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Bookseller Terence Holliday (1885?-1969) and his wife Elsa opened The Holliday Bookshop in 1920 at 10 West 47th Street, about forty blocks north of Frank Shay's Bookshop. In 1925, they relocated the store to a second floor space at 49 West 49th Street, where it remained until the couple sold the shop in 1951. Holliday learned the book trade by working at the major bookseller Brentano's for roughly a year. The Holliday Bookshop focused on British imports, small and private press volumes, and contemporary novelists and poets, including American writers. Holliday didn't shy away from controversial literature. When the copies of D. H. Lawrence's Lady Chatterley's Lover (1928) that he had ordered were seized by U.S. Customs, Holliday reportedly sold pirated copies instead and dutifully sent D. H. Lawrence 10% royalties on the sales.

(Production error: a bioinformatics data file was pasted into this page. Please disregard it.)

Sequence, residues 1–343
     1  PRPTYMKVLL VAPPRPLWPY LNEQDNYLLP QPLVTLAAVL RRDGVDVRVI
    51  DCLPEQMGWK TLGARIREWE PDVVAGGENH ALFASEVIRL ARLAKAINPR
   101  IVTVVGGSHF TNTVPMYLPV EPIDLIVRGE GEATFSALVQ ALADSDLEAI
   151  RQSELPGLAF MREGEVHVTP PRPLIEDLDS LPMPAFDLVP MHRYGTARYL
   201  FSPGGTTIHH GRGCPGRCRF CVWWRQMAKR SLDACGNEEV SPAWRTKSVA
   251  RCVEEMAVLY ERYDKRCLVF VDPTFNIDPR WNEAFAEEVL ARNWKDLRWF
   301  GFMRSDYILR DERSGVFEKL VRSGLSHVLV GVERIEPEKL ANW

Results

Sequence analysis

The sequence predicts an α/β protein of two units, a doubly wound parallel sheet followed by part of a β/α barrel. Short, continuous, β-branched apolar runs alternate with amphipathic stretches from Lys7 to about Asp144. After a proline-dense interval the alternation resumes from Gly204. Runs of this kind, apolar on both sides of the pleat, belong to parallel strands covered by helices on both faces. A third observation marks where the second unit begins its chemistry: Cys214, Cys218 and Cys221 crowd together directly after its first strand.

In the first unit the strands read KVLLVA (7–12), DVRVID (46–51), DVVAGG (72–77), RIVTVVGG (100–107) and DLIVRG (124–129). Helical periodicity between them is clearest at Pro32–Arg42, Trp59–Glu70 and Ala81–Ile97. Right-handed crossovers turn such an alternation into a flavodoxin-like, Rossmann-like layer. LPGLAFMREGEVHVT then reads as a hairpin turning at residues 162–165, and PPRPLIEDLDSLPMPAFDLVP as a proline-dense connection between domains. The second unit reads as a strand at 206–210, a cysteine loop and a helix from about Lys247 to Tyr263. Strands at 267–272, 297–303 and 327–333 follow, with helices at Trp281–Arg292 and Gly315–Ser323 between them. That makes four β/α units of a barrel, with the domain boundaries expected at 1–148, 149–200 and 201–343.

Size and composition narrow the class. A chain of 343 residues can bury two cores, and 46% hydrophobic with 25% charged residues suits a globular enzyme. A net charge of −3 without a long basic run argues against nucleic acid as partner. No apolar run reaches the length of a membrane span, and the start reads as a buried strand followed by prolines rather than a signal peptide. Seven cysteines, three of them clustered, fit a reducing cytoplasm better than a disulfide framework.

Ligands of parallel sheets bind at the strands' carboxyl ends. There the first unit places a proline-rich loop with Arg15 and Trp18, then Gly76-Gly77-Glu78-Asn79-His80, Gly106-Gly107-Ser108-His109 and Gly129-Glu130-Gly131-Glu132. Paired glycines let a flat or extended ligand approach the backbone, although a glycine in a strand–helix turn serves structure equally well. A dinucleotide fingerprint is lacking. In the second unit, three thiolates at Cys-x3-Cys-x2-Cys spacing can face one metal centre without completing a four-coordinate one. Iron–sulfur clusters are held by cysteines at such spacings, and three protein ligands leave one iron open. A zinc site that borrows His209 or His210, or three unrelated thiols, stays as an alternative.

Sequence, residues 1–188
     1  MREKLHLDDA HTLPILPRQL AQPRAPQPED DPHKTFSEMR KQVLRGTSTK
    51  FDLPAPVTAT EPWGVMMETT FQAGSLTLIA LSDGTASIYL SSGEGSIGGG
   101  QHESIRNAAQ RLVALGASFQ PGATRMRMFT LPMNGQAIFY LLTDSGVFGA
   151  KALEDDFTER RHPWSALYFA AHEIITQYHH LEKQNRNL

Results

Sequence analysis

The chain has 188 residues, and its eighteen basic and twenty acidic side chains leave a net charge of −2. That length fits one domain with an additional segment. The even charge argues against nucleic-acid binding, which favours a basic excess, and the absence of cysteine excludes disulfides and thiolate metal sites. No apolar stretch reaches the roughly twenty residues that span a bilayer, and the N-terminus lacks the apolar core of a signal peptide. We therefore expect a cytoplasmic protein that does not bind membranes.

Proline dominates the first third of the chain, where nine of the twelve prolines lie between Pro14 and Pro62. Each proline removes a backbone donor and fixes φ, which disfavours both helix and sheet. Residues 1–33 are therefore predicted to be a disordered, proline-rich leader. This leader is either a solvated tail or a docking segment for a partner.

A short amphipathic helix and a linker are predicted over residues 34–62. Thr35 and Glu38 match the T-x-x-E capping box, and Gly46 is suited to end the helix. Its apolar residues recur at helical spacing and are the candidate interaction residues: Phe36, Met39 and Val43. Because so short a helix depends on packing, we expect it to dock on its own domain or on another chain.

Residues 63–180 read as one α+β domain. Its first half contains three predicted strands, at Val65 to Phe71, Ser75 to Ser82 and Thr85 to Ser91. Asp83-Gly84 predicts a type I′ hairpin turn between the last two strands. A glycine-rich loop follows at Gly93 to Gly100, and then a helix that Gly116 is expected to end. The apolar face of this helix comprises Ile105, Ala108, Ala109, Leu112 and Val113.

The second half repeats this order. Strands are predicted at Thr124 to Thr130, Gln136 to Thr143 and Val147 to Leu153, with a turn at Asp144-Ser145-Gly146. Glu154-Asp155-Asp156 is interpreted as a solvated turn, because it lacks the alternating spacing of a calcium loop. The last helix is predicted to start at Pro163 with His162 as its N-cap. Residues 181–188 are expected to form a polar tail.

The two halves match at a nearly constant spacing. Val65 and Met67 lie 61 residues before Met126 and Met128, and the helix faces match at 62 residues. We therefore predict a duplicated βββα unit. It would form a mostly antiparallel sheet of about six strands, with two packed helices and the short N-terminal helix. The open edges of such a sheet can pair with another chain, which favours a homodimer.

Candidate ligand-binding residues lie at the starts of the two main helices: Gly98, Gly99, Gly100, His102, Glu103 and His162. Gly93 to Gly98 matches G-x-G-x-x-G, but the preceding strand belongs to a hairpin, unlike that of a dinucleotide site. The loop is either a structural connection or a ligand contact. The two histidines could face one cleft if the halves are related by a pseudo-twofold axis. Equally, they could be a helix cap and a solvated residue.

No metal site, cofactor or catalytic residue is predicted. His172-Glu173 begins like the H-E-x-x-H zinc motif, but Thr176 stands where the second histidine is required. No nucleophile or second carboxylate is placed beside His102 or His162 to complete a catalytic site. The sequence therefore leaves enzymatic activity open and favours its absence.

A letter from Terence Holliday to Grant Richards, 7 December, 1923, with enclosed prospectus for The Squire's Home-made Wines as Describ'd and Set-forth in the Journal of Thomas Hoggson, Gent., 1765
In this letter to British publisher and writer Grant Richards, Holliday encloses a prospectus for a forthcoming publication to be printed in 1924 by the Pynson Printers. The book contains recipes reported to have come from the 1765 diary of Thomas Hoggson for homemade wines. It is not difficult to imagine the appeal of such a volume since, in 1924, the United States was still in the midst of Prohibition.